Glastron seemed to be going for bragging rights when they designed the GLS 215 BR. While bowriders tend to have the same layout from one model to the next, this one does have some notable features that I liked. For starters the high sides to the cockpit make it very difficult for the little kiddies to get into trouble from hanging over the side. The windshield also carries far back for an additional layer of safety. I noticed the usual storage areas, and a few that were unusual. No space went wasted on this boat and that’s the mark of a company that gets aboard their boats and touches and feels them.
The aft sunpad was the usual size that we see time and again, but this one also had storage underneath. That made for a great place to store wet towels and suits, and the heat of the engine will dry things out quickly. Additionally, there was a flip-up aft facing rumble seat that made a great place to hang out when on the hook and the kids are floating off the stern.
The GLS 215 handles in a way that makes you think you are on a much larger boat. You won’t find aggressive sportboat handling, and hard turns should be taken at less than full speed. Actually, half speed is best, otherwise the propeller tends to ventilate. To correct just back off on the turn a bit and then the prop starts to grab water again. I found that the best wake, that is to say, the best wake for jumping, occurred around 1500-2000 rpm. You’ll be going less than 10 mph, and by cranking in lots of up trim you’ll have the bow riding high and the wake big enough to start cresting. Now it’s time to get airborne so you’ll want to consider the optional tower to increase the height of your jumps (add $3,784). When doing a hole shot, there’s a normal 16-degree bow rise, but since Glastron builds in a dropping sheer line as the gunwales reach the bow, you lose little visibility due to that bow rise. This is an important feature.
When trimming the GLS 215 you don't have to go crazy. Just come up to about the 1/4 mark on the gauge. That will get you where you need to be, and if you go too far, your indication will be the prop ventilating, and then you just drop back down a click or two.
You’re going to want to consider some options for your GLS 215, aside from the tower we’ve already touched on. I liked the combination of looks and functionality of the upgrade package (add $680) that consists of docking lights (since I’m typically the last one off the water at night), a transom tilt/trim switch (great to have when trailering), an hour meter (a must when keeping track of maintenance), and a stainless steel transom shower (to rinse off the salt). The standard engine package is the catalyzed 270-hp Volvo Penta 5.0 GXi. I found it to be adequate for all the moves that were expected of a boat in this class, but if you have lots of very heavy friends who also like to water ski or wakeboard, then you can upgrade. The 300-hp Volvo Penta 5.7 GiC can be had for an extra $1,479, and MerCruiser’s 300-hp 350 Mag MPI EC will set you back an additional $2,821. Notice how this boat is new enough to only only catalyzed engines.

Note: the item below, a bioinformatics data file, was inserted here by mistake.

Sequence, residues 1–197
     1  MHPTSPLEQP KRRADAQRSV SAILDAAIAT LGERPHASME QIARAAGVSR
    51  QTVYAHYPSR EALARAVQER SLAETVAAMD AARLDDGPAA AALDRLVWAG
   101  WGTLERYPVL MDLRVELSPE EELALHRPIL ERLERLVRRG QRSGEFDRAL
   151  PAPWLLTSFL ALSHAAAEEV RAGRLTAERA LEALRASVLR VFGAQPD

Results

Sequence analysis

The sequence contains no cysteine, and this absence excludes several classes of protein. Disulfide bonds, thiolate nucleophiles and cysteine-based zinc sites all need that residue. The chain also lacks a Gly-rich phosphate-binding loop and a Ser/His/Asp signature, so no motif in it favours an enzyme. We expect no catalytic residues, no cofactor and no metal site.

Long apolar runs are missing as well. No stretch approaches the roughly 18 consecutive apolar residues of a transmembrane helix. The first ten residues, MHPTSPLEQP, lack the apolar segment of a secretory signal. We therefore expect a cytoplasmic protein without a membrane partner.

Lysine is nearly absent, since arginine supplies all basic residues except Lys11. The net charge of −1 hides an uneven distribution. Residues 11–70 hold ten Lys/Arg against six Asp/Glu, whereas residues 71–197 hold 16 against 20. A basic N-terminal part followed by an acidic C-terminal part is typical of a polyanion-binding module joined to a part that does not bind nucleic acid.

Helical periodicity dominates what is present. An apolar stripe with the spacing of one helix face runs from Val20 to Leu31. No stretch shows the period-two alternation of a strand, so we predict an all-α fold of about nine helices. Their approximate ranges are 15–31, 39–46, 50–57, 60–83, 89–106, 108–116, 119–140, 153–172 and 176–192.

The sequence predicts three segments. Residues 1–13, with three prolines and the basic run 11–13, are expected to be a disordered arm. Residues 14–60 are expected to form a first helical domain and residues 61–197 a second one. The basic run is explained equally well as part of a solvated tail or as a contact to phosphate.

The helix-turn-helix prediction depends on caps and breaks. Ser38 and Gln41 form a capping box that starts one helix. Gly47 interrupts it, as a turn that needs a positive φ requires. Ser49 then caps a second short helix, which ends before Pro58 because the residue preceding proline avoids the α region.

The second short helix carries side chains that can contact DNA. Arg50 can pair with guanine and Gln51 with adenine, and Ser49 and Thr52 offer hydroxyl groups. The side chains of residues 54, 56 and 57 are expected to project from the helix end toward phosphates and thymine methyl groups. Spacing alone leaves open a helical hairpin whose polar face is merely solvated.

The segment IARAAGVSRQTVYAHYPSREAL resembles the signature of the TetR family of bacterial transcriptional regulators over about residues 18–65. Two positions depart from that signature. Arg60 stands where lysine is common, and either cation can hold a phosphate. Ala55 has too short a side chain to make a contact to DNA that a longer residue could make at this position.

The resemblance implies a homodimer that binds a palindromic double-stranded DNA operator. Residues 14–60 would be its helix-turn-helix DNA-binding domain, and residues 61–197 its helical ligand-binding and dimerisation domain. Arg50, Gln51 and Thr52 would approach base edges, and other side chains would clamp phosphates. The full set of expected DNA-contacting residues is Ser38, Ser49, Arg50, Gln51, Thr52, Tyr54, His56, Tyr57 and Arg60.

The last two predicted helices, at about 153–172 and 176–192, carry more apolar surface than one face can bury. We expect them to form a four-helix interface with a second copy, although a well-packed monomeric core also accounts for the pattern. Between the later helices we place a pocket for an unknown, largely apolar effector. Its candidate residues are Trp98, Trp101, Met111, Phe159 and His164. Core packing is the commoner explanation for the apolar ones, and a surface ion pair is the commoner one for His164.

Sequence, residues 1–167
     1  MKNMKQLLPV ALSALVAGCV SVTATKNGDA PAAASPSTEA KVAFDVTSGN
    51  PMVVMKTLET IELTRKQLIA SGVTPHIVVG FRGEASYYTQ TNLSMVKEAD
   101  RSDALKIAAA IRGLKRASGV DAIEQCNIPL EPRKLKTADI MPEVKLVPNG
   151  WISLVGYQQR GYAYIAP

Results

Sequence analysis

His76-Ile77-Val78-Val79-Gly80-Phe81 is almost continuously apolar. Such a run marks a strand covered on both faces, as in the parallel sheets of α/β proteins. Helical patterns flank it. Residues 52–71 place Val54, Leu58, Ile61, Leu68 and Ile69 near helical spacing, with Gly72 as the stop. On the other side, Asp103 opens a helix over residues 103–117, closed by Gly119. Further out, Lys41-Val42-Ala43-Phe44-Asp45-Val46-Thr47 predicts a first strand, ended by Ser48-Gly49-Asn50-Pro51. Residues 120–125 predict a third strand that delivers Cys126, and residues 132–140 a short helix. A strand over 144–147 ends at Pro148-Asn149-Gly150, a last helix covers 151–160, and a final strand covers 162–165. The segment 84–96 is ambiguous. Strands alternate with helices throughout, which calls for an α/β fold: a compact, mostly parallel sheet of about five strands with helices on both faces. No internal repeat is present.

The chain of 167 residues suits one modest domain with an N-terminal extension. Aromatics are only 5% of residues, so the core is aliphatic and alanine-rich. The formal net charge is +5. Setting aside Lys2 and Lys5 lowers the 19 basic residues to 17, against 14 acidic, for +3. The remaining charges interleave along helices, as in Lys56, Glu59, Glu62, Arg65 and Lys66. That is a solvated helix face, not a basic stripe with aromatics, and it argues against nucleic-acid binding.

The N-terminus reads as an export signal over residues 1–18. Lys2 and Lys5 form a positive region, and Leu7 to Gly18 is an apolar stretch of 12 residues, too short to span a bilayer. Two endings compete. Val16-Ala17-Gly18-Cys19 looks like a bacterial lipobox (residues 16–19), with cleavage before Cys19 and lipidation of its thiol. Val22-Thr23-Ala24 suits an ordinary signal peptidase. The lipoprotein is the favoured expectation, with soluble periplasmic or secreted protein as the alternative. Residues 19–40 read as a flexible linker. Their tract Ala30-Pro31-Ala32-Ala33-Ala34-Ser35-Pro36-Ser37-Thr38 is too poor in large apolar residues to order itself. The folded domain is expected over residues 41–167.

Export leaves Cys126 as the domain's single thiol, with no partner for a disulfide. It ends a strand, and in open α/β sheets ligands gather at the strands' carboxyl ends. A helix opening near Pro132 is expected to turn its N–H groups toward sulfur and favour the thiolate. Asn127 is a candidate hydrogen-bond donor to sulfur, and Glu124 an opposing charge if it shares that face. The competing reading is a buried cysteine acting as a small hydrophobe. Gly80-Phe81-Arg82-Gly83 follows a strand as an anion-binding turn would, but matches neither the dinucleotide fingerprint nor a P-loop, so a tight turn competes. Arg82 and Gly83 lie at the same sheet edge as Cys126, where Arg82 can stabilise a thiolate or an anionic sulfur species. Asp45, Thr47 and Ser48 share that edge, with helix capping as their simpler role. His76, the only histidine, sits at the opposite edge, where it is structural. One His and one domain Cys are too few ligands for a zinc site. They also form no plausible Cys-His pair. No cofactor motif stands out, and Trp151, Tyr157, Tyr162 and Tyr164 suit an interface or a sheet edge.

At the Helm
I’d like to see Glastron bring the seat up about 3” (7.6 cm) for multiple reasons. When I was sitting down in the seat, the panel came up quite high and I felt like a little kid being so low. Sitting up on the bolster helped, but then I was looking right at the windshield frame. Depending on whether I was turning or heading straight, I kept finding myself ducking down, or straightening up in order to see ahead. Pedestal height is an easy thing to fix. Before buying any boat, make sure the helm seat height fits your torso for good visibility. If it does not, just ask the dealer to install a longer or shorter pedestal tube.
One thing Glastron consistently nails is the position of the armrest in relation to the engine control. Always comfortable, and on the GLS 215 they got it right again. At your right leg there is a raised area with a drink holder in it. This also serves as a convenient spot to put your foot up and then by resting your elbow on your knee, your hand sits right on the side of the steering wheel... a surprisingly comfortable position.
Glastron put a lot of cleverness and innovation into the GLS 215 BR but some of these items need a little bit of tweaking, in my opinion. These are all items that can be easily corrected.
I found the Glastron GLS 215 BR to be a very attractive package, and at a base price of $43,387, including trailer, it was attractively priced as well. With a boat of load nifty features, plenty of creature comfort and good looks to boot, this is a boat that will give you pride of ownership for years to come. And since you’re going to be hanging onto this one, you’ll be glad to know that Glastron stands behind you with a lifetime limited warranty on the hull, deck, floor, stringers and transom, and a two-year warranty on non-structural components.
Test Result Highlights
- Top speed for the Glastron GLS 215 BR (2011-) is 50.2 mph (80.8 kph), burning 20.0 gallons per hour (gph) or 75.7 liters per hour (lph).
- Best cruise for the Glastron GLS 215 BR (2011-) is 30.2 mph (48.6 kph), and the boat gets 3.89 miles per gallon (mpg) or 1.65 kilometers per liter (kpl), giving the boat a cruising range of 119 miles (191.51 kilometers).
- Tested power is 1 x 270-hp Volvo Penta 5.0 GXiC.
Standard and Optional Features
|Carpet: Cockpit||Standard Snap-in|